How dare he think to threaten America security systems!  Does he really believe that demonstrating the vulnerability of the strongest nation in the world is acceptable?  He must know that we will punish him, harshly!  All people throughout the globe must know that the United States will take strike out against any intimidation.  Let it be known, “No man or woman show that America security can be compromised.  If they do, they will suffer, publicly, privately, and in prison!”  According to the United States government, Gary McKinnon must be penalized severely, American style.

Porter Goss Respects Sovereignty ©

Porter Goss spoke and the nation listened.  The world heard this leader.  However, the question is, can we trust the words of this man?  Is he doing, as others in this administration do, presenting the propaganda of the day?

In a recent interview with a Time magazine reporter, Timothy J. Burger, Porter J. Goss was asked of the hunt for Bin Laden.  Is there any progress?  Does American intelligence know where this terrorist is?  Goss responded: “I have an excellent idea where he is.”  Mr. Goss added, however, “when you go to the very difficult question of dealing with sanctuaries in sovereign states, you’re dealing with a problem of our sense of international obligation, fair play.”

Director of the Central Intelligence Agency, Goss is suggesting that America acknowledges and honors the sovereignty of other states.  He indicates that we are doing what is necessary to respect the dominion of foreign nations.  Goss is even implying that America will not violate the sanctuaries of sects that differ from our own.  These words would lead one to believe that the United States is allowing other nations to think for themselves and to act independently of our wants.  One might even suppose that the desires of the neoconservatives are not our dictum.  Is “change a regime” no longer our mission?  Possibly, US policy has been modified.  Could this be?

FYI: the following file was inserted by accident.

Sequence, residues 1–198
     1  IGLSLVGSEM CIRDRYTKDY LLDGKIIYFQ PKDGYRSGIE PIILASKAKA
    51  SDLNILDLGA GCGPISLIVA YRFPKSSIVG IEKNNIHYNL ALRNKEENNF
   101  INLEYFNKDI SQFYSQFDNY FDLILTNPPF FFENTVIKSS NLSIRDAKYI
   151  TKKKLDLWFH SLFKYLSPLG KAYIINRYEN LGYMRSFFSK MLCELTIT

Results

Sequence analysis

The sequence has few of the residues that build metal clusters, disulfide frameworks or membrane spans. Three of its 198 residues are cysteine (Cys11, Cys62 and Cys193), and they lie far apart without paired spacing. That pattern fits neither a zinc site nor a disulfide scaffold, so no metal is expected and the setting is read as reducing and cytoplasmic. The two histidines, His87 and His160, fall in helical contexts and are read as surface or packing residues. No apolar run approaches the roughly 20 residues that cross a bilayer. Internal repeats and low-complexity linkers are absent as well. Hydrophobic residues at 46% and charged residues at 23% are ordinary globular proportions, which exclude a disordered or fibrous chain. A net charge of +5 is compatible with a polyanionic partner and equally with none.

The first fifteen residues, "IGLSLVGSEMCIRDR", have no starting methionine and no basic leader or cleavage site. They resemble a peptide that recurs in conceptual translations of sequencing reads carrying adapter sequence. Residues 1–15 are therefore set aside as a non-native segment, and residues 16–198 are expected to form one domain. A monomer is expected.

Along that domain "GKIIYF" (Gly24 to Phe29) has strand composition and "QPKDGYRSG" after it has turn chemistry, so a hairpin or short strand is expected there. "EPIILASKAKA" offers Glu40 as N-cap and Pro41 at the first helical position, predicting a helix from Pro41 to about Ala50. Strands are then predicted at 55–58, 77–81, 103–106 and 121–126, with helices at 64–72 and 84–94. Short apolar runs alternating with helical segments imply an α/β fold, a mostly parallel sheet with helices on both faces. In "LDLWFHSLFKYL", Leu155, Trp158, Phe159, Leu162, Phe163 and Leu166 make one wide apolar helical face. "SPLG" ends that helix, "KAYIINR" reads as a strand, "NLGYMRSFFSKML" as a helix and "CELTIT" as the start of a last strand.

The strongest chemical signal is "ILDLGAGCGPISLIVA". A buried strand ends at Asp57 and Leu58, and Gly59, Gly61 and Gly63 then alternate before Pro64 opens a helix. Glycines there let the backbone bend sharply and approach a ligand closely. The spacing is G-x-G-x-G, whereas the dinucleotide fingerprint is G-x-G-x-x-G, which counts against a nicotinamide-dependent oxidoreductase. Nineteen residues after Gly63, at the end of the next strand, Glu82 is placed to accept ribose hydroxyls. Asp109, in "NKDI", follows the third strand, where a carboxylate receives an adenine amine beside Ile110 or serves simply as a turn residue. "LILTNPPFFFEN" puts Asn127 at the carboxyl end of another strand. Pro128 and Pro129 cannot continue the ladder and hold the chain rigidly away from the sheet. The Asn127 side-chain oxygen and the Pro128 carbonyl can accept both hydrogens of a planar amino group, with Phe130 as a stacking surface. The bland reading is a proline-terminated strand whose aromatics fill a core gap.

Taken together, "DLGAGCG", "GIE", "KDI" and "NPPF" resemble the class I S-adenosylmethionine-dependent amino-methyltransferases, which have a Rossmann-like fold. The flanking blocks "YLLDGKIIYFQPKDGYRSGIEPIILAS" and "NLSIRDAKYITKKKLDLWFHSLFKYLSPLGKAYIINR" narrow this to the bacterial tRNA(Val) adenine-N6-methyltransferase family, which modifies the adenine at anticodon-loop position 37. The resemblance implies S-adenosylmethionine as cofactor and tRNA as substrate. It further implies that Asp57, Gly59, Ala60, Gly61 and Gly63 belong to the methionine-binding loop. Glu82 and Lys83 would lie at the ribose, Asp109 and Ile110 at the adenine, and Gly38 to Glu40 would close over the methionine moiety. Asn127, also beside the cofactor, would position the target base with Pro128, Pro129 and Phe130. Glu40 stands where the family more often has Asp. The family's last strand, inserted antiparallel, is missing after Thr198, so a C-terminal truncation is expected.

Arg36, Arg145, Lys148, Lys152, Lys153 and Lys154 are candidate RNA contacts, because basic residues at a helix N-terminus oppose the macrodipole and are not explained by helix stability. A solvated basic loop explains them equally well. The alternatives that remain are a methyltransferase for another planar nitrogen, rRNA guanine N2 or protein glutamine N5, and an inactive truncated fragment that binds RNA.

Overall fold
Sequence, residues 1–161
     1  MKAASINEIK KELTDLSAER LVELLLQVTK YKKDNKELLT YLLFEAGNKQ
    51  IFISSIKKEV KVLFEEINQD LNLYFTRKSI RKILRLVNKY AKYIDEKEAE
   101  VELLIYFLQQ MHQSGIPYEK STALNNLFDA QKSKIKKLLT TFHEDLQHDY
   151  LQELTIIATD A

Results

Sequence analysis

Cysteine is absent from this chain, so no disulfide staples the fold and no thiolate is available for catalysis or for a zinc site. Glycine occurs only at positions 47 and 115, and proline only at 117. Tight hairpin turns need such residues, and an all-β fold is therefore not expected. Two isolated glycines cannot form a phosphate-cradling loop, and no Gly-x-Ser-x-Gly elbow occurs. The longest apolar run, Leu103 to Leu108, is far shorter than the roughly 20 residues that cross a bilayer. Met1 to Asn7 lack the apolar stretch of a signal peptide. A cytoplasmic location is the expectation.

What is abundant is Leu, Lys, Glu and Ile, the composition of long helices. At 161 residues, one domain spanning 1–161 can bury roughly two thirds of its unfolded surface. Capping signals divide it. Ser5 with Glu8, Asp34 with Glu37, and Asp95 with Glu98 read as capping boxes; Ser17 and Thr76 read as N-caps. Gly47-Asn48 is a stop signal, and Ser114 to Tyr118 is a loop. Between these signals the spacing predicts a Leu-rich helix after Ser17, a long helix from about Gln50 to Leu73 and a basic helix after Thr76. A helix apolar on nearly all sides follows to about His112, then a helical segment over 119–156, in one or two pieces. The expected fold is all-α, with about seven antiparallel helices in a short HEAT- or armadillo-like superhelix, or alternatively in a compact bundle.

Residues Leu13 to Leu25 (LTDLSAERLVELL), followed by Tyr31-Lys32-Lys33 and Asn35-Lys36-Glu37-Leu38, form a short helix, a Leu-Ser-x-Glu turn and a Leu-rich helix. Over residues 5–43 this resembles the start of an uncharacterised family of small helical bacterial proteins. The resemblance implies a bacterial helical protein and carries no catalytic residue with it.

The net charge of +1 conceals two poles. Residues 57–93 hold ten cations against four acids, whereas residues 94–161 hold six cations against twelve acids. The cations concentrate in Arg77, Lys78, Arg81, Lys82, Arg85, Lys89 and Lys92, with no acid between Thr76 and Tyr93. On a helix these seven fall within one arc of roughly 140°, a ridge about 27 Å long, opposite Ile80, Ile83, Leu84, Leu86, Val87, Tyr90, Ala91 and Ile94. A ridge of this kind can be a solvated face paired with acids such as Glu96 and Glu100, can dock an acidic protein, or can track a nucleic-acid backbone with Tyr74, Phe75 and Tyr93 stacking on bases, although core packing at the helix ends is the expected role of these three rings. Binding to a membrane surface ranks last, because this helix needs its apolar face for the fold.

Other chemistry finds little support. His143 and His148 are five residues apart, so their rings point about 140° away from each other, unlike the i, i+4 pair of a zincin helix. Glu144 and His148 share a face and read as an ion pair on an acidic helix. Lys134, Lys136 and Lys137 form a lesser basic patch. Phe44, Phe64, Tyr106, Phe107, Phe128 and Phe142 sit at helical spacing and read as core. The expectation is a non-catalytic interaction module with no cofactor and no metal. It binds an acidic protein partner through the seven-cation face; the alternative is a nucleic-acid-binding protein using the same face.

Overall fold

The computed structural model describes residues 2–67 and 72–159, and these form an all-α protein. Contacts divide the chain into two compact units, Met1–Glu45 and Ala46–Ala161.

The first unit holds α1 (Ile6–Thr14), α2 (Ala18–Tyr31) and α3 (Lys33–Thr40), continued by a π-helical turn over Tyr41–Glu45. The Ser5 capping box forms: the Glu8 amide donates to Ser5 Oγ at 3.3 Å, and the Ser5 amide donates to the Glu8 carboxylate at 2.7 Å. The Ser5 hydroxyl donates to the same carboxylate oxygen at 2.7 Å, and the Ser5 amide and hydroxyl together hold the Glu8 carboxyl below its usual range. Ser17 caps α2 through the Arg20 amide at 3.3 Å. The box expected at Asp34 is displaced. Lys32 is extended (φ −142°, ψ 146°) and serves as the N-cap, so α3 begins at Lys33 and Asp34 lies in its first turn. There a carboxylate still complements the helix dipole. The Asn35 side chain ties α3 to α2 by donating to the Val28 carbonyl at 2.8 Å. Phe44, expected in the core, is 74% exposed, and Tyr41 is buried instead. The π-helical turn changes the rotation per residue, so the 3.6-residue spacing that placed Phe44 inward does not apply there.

Goss continues, “We have to find a way to work in a conventional world in unconventional ways.”  Now the truth is told.

We as a nation are practicing the policy of “unconventional” wisdom.  We will find a way to do as we desire; however, we may need to do it in a manner that is unexpected, and we have thus far.

America, our President and the Pentagon, chose to unilaterally attack countries in the name of “spreading democracy!”  This is not as convention would dictate.

Our Commander-in-Chief announced his intent.  He stated, “You are either with us or against us!”  This might be considered other than the normal course.  Even Daddy chose to build a true, large, and lasting coalition.

The Whitehouse manipulates information, they “fix facts” in an attempt to gain greater support from allies.  Is this powerfully avant-garde or standard practice?

When the Downey Street memorandum is discovered, the administration denies that they ever did anything other than what they know to be “right,” correct, or ethical.  Denial is the custom of Bush 43 and his Band.  Well, we cannot always perform in an unusual manner.

We have our traditions.  The people of the United States trust in God.  We inscribe the words on our coins and print these on our currency.  Americans know God is on their side.  Our President tells us so.  George W. Bush claims to be a disciple of God.  He states publicly and proudly God told him it is his mission to lead the people of the United States of America.  Bush proclaims, “I trust God speaks through me.  Without that, I couldn’t do my job.”

Knowing that the all-mighty supports our President, we follow him.  We venture forth.  As a country, we impose our beliefs on others.  We do so forcibly. America dictates democracy, occupies, and calls it liberation.  This nation is respectful in these unconventional ways.  Through these acts, we exhibit “our sense of international obligation, fair play”; or so Porter Goss would have us believe.